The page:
The African Colombian population in Colombia is mostly concentrated in coastal areas.
72.7% – 100%
45% – 72.6%
20.4% – 44.9%
5.8% – 20.3%
0% – 5.7%
In the 1970s, there was a major influx of Afro-Colombians into the urban areas in search of greater economic and social opportunities for their children. This led to an increase in the number of urban poor in the marginal areas of big cities like Cali, Medellín, and Bogotá. Most Afro-Colombians are currently living in urban areas. Only around 25%, or 1.2 million people, are based in rural areas, compared to 75%, or 3.7 million people, in urban zones.
The 1991 Colombian Constitution gave them the right to collective ownership of traditional Pacific coastal lands and special cultural development protections. Critics argue that this important legal instrument is not enough to completely address their social and developmental needs.
Afro-Colombians make up 6.68% of the population, almost 3 million people, according to a projection of the National Administrative Department of Statistics (DANE), most of whom are concentrated on the northwest Caribbean coast and the Pacific coast in such departments as Chocó, whose capital, Quibdó, is 95.3% Afro-Colombian as opposed to just 2.3% mestizo or white.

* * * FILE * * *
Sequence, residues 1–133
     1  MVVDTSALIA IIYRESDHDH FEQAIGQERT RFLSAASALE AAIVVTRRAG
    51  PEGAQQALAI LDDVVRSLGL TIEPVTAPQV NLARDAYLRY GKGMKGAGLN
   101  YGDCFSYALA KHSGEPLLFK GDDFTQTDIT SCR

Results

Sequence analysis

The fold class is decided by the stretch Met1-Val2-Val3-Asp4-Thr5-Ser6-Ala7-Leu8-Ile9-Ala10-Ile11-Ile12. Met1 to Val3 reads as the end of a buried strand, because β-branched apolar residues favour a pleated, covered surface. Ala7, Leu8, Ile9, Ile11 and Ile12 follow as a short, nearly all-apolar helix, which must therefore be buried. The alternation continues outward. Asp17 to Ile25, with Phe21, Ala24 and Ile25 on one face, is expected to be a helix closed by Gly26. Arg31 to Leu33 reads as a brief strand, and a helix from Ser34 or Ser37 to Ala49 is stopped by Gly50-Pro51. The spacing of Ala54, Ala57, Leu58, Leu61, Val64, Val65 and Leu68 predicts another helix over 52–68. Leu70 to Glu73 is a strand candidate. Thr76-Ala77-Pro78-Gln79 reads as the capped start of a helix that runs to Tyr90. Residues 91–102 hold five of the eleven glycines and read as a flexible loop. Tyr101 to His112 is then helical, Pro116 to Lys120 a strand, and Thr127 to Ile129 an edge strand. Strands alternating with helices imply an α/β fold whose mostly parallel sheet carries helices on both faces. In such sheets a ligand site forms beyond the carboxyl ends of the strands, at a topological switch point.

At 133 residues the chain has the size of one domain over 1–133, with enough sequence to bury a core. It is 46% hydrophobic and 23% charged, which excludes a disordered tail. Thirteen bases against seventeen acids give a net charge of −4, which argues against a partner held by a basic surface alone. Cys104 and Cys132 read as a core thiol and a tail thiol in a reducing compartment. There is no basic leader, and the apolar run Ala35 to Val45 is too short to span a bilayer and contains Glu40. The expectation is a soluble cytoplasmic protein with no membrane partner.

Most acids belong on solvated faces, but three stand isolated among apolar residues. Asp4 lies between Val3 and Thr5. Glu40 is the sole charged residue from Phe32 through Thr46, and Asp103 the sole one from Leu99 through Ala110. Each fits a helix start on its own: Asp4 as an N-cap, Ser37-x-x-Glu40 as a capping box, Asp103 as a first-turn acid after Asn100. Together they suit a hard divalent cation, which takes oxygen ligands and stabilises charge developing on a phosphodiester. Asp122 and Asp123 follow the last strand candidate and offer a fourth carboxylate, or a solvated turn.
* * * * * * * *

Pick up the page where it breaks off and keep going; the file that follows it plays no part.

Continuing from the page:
Considerable numbers are also in Cali, Cartagena and Barranquilla. Colombia is considered to have the fourth largest Black/African-descent population in the western hemisphere, following Haiti, Brazil and the United States.
It has been estimated that only 4.4 million Afro-Colombians actively recognize their black ancestry, while many other African Colombians do not as a result of inter-racial relations with white and indigenous Colombians. Afro-Colombians often encounter a noticeable degree of racial discrimination and prejudice, possibly as a socio-cultural leftover from colonial times.
They have been historically absent from high-level government positions. Many of their long-established settlements around the Pacific coast have remained underdeveloped. In Colombia’s ongoing internal conflict, Afro-Colombians are both victims of violence and displacement as well as members of armed factions, such as the FARC and the AUC. African Colombians have played a role in contributing to the development of certain aspects of Colombian culture. For example, several of Colombia’s musical genres, such as Cumbia and Vallenato, have African origins or influences. Some African Colombians have also been successful in sports.